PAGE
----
Please use this identifier to cite or link to this item:
|Title:||Does The Design Of Mini Slings Anchoring Systems Really Matter? A Biomechanical Comparison Between Mini Arc (tm) And Ophira (tm)|
P. C.; Goulart-Fernandes-Dias
|Abstract:||Currently, a sling implant is the standard treatment for stress urinary incontinence in women. To be effective, they require an adequate anchoring system. The aim of this study is compare biomechanical features of fixation systems of two mini slings models available on the market (Ophira (TM) and Mini Arc (TM)) through a tensile test. Materials and methods Anchoring devices of each sling were surgically implanted in abdominal wall of 15 rats divided into three groups of five animals which were arranged according to the date of post implant euthanasia on 7, 14 and 30 days. Abdominal walls of rats were extracted on bloc containing the anchoring system and were submitted to a tensile strength test to measure the maximum load and elongation until device avulsion from the tissue. The results were compared using Student test t and a 5% cut off was considered significant. Results The Ophira (TM) mini sling fixation system demanded a greater maximum load and developed a longer stretch for avulsion from the implanted site at all moments evaluated (p value less than 0.05). Conclusion There were significant differences in fixation patterns of the anchoring systems, which were exclusively related to their designs. The Ophira (TM) mini sling fixation device provided better fixation to the abdominal wall of rats compared to the Mini Arc (TM) device, even in the late post implant period. (C) 2016 AEU. Published by Elsevier Espana, S.L.U. All rights reserved.|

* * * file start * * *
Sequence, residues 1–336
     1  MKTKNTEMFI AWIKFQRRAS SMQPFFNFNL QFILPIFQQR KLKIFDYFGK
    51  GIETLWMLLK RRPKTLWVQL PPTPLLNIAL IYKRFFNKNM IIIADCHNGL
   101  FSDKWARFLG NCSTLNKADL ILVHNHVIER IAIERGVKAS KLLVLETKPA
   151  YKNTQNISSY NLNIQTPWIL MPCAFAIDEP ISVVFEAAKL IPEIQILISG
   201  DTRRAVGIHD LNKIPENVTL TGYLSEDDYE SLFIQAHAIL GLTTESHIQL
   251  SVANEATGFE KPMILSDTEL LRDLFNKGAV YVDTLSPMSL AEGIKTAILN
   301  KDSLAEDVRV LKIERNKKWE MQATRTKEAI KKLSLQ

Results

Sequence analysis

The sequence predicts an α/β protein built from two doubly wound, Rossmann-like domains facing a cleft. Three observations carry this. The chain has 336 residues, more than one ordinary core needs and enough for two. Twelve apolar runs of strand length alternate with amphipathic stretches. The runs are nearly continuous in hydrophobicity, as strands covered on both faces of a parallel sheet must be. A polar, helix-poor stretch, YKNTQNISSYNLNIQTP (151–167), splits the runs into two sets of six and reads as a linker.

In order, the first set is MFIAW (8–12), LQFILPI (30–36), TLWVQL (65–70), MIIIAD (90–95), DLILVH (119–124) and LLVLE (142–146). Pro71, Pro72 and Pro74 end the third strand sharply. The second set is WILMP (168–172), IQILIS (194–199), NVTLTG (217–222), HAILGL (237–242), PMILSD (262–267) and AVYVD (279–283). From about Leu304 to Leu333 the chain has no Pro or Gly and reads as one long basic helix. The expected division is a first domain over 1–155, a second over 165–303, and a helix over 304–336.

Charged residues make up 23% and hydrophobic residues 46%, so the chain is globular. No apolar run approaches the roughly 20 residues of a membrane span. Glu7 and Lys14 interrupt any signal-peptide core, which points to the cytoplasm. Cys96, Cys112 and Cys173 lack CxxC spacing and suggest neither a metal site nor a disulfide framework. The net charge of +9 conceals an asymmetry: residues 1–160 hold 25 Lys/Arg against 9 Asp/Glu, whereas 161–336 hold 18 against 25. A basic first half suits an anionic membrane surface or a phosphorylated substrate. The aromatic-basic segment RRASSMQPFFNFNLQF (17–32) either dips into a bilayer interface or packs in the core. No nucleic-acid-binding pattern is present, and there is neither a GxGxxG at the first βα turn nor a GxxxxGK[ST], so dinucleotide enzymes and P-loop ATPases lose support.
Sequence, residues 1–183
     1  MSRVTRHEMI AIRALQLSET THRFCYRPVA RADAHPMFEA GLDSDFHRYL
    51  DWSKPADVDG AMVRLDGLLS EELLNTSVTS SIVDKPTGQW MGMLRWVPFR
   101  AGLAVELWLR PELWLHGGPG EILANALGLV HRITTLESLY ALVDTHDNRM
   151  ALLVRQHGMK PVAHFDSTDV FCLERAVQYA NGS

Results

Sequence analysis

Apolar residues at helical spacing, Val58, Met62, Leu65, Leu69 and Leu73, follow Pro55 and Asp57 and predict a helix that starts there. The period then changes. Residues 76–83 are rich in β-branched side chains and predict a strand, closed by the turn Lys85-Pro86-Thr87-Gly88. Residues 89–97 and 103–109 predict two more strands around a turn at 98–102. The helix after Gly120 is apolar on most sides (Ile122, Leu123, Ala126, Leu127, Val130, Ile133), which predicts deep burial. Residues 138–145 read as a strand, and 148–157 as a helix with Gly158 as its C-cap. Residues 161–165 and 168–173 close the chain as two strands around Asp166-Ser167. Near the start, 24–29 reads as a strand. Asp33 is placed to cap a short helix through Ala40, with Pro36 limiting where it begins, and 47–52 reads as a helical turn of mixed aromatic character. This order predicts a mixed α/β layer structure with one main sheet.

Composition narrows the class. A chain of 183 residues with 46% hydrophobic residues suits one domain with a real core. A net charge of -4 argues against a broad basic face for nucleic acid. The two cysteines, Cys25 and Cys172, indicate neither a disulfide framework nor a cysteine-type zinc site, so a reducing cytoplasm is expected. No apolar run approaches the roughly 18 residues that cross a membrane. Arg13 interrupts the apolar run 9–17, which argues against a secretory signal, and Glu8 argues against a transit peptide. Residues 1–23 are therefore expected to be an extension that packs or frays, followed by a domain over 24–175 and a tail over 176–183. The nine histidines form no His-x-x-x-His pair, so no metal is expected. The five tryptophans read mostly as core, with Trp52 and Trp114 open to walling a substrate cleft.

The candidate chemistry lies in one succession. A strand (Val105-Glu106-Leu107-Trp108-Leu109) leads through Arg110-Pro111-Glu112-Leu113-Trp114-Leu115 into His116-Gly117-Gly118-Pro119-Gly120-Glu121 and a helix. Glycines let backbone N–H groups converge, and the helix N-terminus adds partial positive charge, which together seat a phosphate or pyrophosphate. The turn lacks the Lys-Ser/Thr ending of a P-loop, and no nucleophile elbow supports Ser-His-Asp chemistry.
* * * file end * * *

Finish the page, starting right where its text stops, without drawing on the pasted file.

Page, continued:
Stress Urinary Incontinence
|Editor:||Ene Ediciones SL|
|Appears in Collections:||Unicamp - Artigos e Outros Documentos|
Items in DSpace are protected by copyright, with all rights reserved, unless otherwise indicated.